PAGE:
Which Sleep Position is Best?

As a Chiropractor, one of the questions we often ask is: What position do you sleep in? The reason is, your preferred sleep position could be giving you back and neck pain, stomach troubles, or even be aging you prematurely. CNN Health has listed both the best positions for your body, and the ones to avoid.

The Best: Back position

Sleeping on your back makes it easy for your head, neck, and spine to maintain a neutral position. Plus, you’re not putting pressure on the spine by forcing curves into it. In addition, it prevents neck and back pain, reduces acid reflux, and minimizes wrinkles. However, it is a bad position in terms of snoring. Only use one pillow if you sleep on your back, your head should not be pushed forward.

Next Best: Side position

Sleeping on your side also prevents neck and back pain by keeping your spine elongated and reduces acid reflux, and it also helps reduce snoring. It’s the best position for sleeping during pregnancy, if you sleep on your left side. You need a thicker pillow when side sleeping, it needs to fill the space between your neck and shoulder, and keep your neck neutral.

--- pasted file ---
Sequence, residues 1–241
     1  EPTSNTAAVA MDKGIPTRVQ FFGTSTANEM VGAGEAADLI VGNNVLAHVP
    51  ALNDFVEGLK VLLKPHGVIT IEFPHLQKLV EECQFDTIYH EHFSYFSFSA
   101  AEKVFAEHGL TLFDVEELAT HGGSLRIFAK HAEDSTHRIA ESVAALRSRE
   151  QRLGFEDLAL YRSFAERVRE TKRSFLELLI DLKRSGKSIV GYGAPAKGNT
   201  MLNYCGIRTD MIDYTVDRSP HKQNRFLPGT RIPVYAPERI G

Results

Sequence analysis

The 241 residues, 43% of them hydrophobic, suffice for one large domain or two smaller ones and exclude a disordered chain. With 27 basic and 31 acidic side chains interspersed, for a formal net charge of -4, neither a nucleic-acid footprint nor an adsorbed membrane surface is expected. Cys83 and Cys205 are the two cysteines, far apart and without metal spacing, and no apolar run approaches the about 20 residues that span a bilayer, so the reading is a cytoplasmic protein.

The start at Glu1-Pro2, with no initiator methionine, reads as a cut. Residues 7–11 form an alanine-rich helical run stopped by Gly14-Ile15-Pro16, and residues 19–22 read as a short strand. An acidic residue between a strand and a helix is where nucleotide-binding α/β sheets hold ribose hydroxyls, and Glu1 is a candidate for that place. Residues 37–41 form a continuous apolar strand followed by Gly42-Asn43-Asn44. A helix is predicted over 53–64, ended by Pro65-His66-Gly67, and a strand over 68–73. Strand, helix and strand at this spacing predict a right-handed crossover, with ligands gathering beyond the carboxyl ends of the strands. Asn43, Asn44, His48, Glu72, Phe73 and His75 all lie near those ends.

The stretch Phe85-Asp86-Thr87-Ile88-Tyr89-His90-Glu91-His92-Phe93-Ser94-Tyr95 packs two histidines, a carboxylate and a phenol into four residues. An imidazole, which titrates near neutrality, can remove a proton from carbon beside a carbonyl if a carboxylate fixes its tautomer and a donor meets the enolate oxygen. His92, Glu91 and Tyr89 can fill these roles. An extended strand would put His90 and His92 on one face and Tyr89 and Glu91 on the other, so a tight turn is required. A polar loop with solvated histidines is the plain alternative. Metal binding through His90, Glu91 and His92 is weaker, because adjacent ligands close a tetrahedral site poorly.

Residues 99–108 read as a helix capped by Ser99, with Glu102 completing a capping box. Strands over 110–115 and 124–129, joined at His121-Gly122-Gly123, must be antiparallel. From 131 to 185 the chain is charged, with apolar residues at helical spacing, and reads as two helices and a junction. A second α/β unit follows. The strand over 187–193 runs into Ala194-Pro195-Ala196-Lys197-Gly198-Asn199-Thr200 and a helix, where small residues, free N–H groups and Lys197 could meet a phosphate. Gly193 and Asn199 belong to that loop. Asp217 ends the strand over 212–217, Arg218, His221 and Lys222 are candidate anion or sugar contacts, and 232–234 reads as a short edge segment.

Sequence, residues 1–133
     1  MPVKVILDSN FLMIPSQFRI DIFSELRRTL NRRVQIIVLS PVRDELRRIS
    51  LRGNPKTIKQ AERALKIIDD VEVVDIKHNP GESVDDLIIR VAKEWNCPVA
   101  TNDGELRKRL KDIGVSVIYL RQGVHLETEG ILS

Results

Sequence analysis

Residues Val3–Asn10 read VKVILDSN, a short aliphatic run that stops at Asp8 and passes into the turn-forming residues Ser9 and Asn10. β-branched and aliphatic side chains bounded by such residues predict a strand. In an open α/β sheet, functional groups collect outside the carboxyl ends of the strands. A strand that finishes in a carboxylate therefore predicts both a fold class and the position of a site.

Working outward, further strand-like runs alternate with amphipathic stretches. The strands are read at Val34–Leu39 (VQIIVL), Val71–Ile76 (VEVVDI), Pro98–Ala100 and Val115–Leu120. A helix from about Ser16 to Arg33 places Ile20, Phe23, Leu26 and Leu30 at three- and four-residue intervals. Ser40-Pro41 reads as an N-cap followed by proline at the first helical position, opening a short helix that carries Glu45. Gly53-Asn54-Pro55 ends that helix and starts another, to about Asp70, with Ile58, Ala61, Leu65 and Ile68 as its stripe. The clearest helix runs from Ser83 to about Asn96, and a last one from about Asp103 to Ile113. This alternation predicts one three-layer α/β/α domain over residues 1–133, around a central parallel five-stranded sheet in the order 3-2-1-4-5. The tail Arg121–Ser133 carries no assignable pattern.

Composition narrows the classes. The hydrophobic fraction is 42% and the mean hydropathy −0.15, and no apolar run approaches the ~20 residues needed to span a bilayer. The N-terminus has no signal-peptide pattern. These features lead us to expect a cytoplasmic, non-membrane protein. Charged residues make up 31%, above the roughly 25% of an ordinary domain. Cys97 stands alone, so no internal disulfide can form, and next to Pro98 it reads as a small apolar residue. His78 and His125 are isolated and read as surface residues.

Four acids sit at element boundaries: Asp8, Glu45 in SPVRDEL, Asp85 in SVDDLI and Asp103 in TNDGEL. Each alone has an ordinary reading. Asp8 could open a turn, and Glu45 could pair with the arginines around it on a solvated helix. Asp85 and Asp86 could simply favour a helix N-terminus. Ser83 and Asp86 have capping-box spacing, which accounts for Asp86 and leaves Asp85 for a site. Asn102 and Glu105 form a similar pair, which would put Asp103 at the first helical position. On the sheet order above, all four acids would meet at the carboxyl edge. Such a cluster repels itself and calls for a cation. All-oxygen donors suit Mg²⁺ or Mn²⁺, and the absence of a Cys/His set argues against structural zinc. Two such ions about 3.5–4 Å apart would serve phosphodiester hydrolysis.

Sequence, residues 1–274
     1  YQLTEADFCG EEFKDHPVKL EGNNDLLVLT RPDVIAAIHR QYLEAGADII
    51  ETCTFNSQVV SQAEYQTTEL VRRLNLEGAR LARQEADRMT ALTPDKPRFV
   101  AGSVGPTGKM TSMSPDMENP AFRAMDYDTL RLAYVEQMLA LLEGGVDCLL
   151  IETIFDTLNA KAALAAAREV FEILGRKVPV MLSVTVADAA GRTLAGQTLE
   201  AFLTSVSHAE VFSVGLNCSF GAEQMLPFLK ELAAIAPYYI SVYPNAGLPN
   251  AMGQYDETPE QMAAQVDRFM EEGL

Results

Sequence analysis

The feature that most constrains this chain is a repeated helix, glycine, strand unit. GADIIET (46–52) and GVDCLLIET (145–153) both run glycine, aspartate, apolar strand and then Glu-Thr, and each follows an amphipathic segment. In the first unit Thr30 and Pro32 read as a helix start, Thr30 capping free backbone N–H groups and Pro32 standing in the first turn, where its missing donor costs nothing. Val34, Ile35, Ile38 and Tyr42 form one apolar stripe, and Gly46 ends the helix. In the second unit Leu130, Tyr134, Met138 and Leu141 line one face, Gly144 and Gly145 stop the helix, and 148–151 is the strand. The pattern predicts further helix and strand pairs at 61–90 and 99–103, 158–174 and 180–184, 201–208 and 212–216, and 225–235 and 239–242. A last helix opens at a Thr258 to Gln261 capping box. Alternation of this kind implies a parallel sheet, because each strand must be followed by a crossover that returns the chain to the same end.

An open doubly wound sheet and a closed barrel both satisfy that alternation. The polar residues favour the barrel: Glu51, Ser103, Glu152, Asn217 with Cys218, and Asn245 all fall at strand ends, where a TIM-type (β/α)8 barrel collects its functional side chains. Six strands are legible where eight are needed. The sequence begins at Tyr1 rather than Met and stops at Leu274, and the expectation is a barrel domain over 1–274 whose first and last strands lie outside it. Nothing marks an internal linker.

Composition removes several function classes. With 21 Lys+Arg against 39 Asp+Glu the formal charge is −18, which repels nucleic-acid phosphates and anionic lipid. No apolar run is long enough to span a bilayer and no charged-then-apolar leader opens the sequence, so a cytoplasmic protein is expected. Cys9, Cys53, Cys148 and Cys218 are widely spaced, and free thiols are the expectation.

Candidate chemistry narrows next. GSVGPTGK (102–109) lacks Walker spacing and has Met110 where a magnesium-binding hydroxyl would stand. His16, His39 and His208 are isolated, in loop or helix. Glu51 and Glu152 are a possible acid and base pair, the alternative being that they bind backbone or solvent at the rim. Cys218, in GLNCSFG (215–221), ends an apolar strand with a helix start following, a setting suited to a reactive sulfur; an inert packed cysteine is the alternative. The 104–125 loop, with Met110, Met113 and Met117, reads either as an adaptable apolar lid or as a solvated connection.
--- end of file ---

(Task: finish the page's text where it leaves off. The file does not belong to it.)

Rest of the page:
Not Ideal: Fetal position

It’ can be good for snoring less and sleeping during pregnancy, but it’s not so good for neck and back pain, or breathing as the curved position restricts full breaths. It also does not support the natural curves of the spine, and you most likely will wake up sore.

The Worst: Stomach position

This position puts pressure on your joints and muscles, which can irritate nerves and lead to pain, numbness, and tingling. Having your head and neck turned to one side even just a few minutes while sleeping can significantly strain the muscles and ligaments of the spine. Repeatedly doing so every night for years slowly adds pressure to the joints and nerves, contributing to spinal degeneration and allowing for the development of a variety of health problems. It also puts unwanted stress on the facet joints in the lower back, causing over arching in the spine.

If you’re currently a stomach sleeper, begin training yourself to sleep on your back or side. It’s not easy, but seeing as you spend about 1/3 of your life in this position – your body will surely thank you.

Sources:

CNN April 19, 2011

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